When there is evidence of pain and suffering by the plaintiff but no evidence to support the special damages pleaded in the petition a verdict in the same amount as the plaintiff's pleaded medical expenses will not be set aside as being inadequate.
The plaintiff (plaintiff in error) sued the defendant (defendant in error) for personal injuries the plaintiff allegedly received in a collision when the defendant ran into him in an intersection after failing to stop at a stop sign and otherwise driving negligently. The plaintiff pleaded damages of $5,272.38, of which $272.38 were special damages (medical expense). After being awarded a verdict and judgment of $272.38 the plaintiff made a motion for new trial on the general and special grounds. The trial court overruled the motion for new trial, and the plaintiff assigns error on this judgment.
1. Special ground 7 complains that the trial judge charged the jury on comparative negligence when the evidence did not authorize a finding of negligence on the part of the plaintiff. The defendant makes the point that the charge complained of is not set forth in the plaintiff's assignment of error. "A special ground of a motion for a new trial is not complete within itself so as to present a question for adjudication where, to make it intelligible, it is necessary to refer to other parts of the record, including the charge of the court." Bryant v. State, 104 Ga. App. 496
, 497 (121 SE2d 920
2. There is no merit in special ground 8 which complains that the court failed to charge the jury on the measure of damages for diminution in the plaintiff's capacity to earn money. The court's charge included an instruction on this subject. See Hunt v. Williams, 104 Ga. App. 442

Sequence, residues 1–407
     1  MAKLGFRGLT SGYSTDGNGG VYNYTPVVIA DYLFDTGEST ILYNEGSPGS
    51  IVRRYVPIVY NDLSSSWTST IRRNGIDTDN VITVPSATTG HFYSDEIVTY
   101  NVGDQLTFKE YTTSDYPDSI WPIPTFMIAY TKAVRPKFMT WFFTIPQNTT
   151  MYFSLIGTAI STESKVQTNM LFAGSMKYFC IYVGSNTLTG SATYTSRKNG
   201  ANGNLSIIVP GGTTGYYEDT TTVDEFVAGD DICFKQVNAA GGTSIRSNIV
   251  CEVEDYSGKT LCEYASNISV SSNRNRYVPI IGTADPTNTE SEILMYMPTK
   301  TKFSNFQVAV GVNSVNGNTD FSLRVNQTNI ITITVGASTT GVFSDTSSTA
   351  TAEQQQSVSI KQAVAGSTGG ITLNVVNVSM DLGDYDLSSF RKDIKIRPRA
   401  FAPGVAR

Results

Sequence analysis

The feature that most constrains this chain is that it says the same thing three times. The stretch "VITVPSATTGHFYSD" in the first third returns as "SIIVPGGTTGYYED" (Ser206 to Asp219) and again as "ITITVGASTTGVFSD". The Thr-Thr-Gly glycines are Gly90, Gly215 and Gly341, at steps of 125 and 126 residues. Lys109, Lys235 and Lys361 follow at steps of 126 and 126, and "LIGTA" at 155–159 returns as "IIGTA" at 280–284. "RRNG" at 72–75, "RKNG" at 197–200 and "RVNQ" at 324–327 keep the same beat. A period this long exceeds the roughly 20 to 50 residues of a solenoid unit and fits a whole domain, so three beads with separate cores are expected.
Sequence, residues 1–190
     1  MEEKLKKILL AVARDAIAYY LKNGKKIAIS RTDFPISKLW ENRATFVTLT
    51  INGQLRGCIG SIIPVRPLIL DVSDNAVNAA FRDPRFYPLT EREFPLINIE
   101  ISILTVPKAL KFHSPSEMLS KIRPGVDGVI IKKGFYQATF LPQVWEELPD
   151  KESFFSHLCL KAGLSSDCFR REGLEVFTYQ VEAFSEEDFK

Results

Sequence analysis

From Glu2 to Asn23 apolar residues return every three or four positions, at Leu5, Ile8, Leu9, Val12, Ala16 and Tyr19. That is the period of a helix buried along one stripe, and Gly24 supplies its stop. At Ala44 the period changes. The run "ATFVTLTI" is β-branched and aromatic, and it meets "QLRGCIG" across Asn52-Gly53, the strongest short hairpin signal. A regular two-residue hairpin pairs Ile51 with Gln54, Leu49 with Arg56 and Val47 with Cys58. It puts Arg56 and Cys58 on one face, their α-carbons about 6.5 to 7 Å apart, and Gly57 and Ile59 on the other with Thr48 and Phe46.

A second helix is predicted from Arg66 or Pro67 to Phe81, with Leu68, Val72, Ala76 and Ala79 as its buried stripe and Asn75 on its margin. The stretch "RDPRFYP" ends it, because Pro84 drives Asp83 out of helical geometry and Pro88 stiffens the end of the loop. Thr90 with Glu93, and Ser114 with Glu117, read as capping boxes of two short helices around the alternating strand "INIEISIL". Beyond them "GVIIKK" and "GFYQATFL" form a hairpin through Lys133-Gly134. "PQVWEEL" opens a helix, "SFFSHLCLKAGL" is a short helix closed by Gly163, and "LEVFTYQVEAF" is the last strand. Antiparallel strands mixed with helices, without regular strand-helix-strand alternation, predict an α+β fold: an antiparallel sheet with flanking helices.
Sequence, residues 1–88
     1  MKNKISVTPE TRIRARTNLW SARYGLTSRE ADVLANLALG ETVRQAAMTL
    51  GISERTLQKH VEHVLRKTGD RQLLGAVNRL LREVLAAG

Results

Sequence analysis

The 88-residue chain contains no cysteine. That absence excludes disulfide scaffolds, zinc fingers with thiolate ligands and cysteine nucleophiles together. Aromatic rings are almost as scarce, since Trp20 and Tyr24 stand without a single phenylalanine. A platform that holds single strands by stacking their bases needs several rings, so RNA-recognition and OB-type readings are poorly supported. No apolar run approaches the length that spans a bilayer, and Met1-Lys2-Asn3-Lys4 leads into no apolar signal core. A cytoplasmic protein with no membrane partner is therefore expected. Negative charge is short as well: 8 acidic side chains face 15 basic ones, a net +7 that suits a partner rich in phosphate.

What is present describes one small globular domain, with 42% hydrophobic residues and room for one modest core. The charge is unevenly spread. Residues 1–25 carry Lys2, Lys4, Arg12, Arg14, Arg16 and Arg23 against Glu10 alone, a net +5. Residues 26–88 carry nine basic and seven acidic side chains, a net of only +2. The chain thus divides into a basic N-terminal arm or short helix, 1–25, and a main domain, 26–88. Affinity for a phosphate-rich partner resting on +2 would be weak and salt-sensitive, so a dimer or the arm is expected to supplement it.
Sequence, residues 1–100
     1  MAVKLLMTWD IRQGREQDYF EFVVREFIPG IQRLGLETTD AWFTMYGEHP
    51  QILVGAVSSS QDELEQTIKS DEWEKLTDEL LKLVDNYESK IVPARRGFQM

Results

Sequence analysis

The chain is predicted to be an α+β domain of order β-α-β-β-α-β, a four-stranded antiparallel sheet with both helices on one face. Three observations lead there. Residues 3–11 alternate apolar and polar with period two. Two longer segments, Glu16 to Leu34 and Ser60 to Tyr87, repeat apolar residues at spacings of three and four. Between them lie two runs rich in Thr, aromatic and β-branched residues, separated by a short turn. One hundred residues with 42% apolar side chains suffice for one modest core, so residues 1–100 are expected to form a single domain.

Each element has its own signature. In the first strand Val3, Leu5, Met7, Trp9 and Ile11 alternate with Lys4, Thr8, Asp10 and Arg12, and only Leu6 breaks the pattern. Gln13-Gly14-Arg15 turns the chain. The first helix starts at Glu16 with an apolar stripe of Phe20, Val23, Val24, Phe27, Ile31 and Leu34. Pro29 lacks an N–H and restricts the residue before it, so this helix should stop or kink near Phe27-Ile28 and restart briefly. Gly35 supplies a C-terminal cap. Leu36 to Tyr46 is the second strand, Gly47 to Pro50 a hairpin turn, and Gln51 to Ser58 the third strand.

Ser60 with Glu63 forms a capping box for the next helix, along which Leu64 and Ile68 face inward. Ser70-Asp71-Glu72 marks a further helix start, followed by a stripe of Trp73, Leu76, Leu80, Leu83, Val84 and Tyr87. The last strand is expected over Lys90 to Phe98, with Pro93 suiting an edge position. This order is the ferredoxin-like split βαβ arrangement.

, 450 (122 SE2d 149
), respecting proof of such damages.
The case of Tallent v. McKelvey, 105 Ga. App. 660 (125 SE2d 65)
, cited by the plaintiff is different from this case. There the evidence "authorized the finding of the jury establishing the liability of the defendant, and the undisputed evidence showed actual [special] damages to the plaintiff resulting from the injuries sustained" of a greater amount than the jury's verdict; and the verdict was set aside as being inadequate under the undisputed evidence. In the present case, however, the record does not disclose any proof of the special damages alleged in the petition. There is evidence of pain and suffering by the plaintiff. As the court charged the jury, there is no mathematical rule by which damages for pain and suffering may be ascertained; the only rule recognized by law for determining such damages is the enlightened conscience of fair and impartial jurors. Redd v. Peters, 100 Ga. App. 316
, 318 (111 SE2d 132
). The jury was authorized to award the verdict in the present case as damages for the plaintiff's pain and suffering.
The trial court did not err in overruling the motion for new trial.
Judgment affirmed. Carlisle, P. J., and Bell, J., concur.